Unlikeable characters, a dumbed-down Crystarium, stupid puzzles, and general nonsense combine to make this FF less appealing than FFXIII. First we have Caius, some oversworded pretty-boy who looks like some retard's OC. Seriously, he has all of the flaws of particularly bad original characters: a big purple sword with big purple powers for no good reason, inexplicable summons, strange emo motivations, and he feels like a cheap ripoff of FF 7's and 9's main villains. The FFXIII universe has plenty of potential Big Bad candidates in the fal'Cie. Instead, we get this loser. About five seconds after Noel dropped in out of nowhere, I silently prayed that please, please, please not let me see too much more of him. He's one of the main characters. Why, God, why? He's like FF 9's Zidane, but without any of the wit or whimsy. At least he doesn't go full-bird emo. Serah is the girliest girl who ever girled girl, and why she's running around with this crackhead instead of, well, Snow? There are handfuls of intelligent dialogue in this game as someone had the wisdom to project common sense upon the cipher that is Noel (if the player has the brains to select the right dialogue choices), but they're overshadowed by the nonsensical plot, which is hopefully just an artifact of strange translation and cultural misunderstandings. You go forward into the future to solve "paradoxes" (they do not think this word means what I think it means), which, in turn, alter the past. Why couldn't they have just gone with something more like Chrono Trigger? No, instead we get FF 8's Time Compression and FF 10's world map (or lack thereof)... Basically, Square Enix said "We're sorry for FFXIII, so here, have a combination of every 3D FF game we've ever made." Yes, FFXIII was linear, but at least it had a plot that was at least somewhat logical in FF terms and its characters were reasonable. There's a part in this game where we get an incoherent lecture on how changing the future is bad from the main boss, who stops to fight you and then runs away (what was the point of that?), and he's trying to do what again? This is after we put a familiar place back together again, with "puzzles" that wouldn't challenge a five year old with Fetal Alcohol Syndrome. Sorry, Square Enix. You fixed the problems with FFXIII, but you added plenty of new ones.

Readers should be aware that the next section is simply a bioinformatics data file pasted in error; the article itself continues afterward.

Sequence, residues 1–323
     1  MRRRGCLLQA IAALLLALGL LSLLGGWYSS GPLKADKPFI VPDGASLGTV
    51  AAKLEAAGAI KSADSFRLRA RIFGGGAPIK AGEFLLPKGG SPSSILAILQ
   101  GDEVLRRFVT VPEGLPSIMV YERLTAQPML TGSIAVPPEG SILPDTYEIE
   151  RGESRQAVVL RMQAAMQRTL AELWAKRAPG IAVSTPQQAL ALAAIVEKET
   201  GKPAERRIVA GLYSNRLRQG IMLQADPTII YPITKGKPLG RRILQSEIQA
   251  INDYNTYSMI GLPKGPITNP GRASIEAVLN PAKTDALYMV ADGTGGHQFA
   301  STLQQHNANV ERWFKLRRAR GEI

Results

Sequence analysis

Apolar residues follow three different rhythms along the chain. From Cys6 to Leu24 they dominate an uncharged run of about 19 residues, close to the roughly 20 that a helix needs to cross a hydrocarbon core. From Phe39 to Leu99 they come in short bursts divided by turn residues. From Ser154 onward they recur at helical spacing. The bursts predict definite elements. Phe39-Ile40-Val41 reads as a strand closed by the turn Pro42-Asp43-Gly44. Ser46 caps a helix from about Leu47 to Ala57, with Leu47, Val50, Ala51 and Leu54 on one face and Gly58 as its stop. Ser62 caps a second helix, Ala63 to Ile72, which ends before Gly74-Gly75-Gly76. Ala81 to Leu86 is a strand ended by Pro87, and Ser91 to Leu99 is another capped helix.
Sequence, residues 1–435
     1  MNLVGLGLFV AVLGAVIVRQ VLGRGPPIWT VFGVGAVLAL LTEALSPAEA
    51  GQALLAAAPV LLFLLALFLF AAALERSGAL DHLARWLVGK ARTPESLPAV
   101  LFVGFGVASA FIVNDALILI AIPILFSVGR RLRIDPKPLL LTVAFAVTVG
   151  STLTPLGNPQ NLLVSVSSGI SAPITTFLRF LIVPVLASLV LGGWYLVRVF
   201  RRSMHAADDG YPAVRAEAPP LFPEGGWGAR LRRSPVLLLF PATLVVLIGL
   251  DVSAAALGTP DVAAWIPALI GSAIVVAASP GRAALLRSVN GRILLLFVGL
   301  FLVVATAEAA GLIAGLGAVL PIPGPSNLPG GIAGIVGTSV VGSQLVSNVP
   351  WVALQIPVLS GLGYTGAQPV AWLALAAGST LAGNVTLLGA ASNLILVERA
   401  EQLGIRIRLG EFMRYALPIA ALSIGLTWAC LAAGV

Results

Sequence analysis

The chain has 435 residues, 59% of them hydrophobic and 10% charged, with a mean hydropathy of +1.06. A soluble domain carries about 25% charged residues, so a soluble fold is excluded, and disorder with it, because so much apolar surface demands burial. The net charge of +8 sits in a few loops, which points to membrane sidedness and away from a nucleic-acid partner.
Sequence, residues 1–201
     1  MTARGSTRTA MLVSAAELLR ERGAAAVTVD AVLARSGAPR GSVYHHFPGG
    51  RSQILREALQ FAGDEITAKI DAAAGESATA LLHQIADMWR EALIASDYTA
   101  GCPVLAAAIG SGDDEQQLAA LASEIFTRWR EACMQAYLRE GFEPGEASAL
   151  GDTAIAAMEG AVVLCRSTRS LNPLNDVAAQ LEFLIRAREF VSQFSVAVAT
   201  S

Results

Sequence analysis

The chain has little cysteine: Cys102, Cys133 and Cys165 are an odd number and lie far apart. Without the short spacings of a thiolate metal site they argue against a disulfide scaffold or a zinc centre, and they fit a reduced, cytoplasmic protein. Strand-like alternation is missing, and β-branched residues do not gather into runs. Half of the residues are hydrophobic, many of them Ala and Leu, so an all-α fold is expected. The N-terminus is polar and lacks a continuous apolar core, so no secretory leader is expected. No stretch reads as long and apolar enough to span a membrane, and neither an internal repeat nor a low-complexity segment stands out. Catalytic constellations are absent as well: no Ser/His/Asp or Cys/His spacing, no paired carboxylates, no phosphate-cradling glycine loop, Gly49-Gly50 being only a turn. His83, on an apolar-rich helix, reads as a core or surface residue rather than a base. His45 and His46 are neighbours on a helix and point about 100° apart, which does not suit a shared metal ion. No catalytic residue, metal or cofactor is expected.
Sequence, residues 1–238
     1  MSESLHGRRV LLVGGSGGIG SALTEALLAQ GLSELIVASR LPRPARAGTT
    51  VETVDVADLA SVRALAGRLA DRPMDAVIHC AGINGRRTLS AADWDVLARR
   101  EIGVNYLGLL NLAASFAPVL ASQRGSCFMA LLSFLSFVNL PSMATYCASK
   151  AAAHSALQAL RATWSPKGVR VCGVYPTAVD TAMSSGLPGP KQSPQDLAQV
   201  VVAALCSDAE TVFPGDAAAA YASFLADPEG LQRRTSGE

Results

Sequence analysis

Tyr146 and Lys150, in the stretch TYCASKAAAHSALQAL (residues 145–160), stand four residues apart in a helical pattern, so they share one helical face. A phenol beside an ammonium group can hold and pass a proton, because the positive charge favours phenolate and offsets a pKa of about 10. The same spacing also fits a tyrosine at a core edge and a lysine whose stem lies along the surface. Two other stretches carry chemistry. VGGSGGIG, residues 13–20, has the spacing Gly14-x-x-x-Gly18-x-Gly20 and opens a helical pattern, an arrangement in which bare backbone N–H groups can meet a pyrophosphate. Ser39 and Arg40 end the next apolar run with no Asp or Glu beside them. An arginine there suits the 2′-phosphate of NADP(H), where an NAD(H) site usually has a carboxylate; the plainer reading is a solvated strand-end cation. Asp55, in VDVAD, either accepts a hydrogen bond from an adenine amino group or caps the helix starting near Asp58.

Forgets it's own strengths
Despite being in many ways very similar to Final Fantasy XIII, this game's problems are general the exact opposite of it's predecessor. This is probably the worst in terms of the story; while XIII preferring to focus on it's characters instead of it's fascinating world was somewhat annoying, it didn't rob the narrative of strength. Here, the story is fundamentally about the characters (in contrast to XIII's characters having little to do with the plot), but most of the story is spent explaining the bizarre and arbitrary rules of Time Travel, resulting in events having little impact. Similarly, game structure: XIII was hyper-linear, XIII-2 is 70% optional. The end result is that a) you basically need a guide, b) there's not much main story, c) the game is filled with backtracking, and d) overleveling is very easy. Speaking of optional content, a depressingly large number of sidequests have you hunting down an item that's hidden somewhere. Very rarely are you asked to do something interesting. While XIII was basically all combat all the time, XIII-2 makes efforts to keep doing other things. The problem being that while XIII could get monotonous at times, combat was something that it did quite well. XIII-2 does introduce some effective set pieces, but also a number of puzzles that are more annoying than anything else. Somewhat related to the above is that they managed to screw up combat. In what I assume was an effort to speed things up, most enemies have fairly low HP, though they tend to come in packs. The battle system is based on fighting single opponents with high HP. Combined with the worthlessness of most synergists and the ease of over levelling, combat tend to be resolved by keeping everyone as a commando until the enemies die. Bosses and super-enemies remain fun, though. The game has a focus on 'exploration'. In quotes because the maps are fairly small, and you aren't exploring so much a looking for treasure chests that are hard to see. Despite the number of complaints here, this is not to say that I dislike the game. I have some positive things to say: